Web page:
Awwww how cute!!! Who doesn’t like japanese origami animals……..but an origami robot?, One that self assembles? Sounds too good to be true. Though it is still in its experimental stage, the prototype has been revealed by researchers from Harvard University and MIT.
Sounds like a scene out of a science fiction movie, but this tiny origami project is able to transform itself from a flat structure into a moving, functional machine in about four minutes before it begins to crawl away on its own at a speed of about 2 inches/second. It is built on an 8.5 by 11 inch sheet of heat sensitive polystyrene material. The sheet is covered with a pattern of creases and cuts which bend into shape when and on-board heater is used to apply heat to specific areas. As the heat spreads, a robot’s body, frame, and legs form on their own. Once the polystyrene cools down into its new shape, the robot then lifts itself up, powers up and moves away. How do they do this? The key lies in the material that the robots themselves are mode of. That’s a 2-dimensional surface of many layers, including paper, flexible circuits, and stretched polystyrene. This prototype only costs $100 to make.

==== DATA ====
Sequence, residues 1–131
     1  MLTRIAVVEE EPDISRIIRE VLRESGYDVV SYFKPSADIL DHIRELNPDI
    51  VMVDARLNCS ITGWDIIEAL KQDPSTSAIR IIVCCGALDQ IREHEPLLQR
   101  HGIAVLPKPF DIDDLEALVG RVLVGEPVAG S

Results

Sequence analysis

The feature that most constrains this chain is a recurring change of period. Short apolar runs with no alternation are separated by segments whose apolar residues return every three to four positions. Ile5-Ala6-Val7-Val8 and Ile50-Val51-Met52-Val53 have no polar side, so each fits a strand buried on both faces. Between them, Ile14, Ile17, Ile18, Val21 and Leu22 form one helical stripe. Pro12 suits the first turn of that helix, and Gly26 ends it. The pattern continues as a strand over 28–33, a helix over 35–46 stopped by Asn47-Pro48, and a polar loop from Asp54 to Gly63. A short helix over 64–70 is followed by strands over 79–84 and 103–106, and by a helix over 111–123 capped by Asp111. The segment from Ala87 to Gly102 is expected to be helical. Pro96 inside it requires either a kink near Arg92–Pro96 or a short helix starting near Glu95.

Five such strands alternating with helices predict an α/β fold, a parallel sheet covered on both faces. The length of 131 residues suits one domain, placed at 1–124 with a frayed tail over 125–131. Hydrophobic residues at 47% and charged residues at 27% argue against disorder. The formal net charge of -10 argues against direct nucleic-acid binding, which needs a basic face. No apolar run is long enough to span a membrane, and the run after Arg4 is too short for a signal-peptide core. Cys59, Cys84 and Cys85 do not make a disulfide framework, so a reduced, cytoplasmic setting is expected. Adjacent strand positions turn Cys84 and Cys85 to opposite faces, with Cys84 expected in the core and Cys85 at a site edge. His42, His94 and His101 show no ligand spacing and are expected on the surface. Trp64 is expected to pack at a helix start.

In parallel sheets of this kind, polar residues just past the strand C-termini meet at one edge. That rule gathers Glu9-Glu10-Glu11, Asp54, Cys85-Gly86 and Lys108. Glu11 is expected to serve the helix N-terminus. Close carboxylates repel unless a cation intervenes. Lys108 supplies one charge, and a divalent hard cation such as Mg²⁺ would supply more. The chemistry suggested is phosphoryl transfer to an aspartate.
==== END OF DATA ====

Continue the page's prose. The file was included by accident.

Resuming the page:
Our question is: Do Harvard and MIT researchers have too much time on their hands? Why design and create something like this? Learning the answers to these questions have left us in awe of science and technology. The team of researchers discussed the potential applications for this origami robot. For one, it could be used for space applications where the robots could be stored easily in their flat shape, deployed into orbit or to other planets, begin to assemble and then go about the tasks they need to complete. Inspired by origami, the Japanese art of paper folding, engineers have also started to design cardiac stents that prop up arteries. In order to perfect this technique, the Harvard origami engineers first made a self-folding lamp, a self-folding robotic inchworm, and a traditional Japanese bird. Unlike the robot, all the rest needed assistance to assemble properly. What a breakthrough for science. It certainly will be interesting to see how these ‘real-life transformers’ develop and shape the face of the future.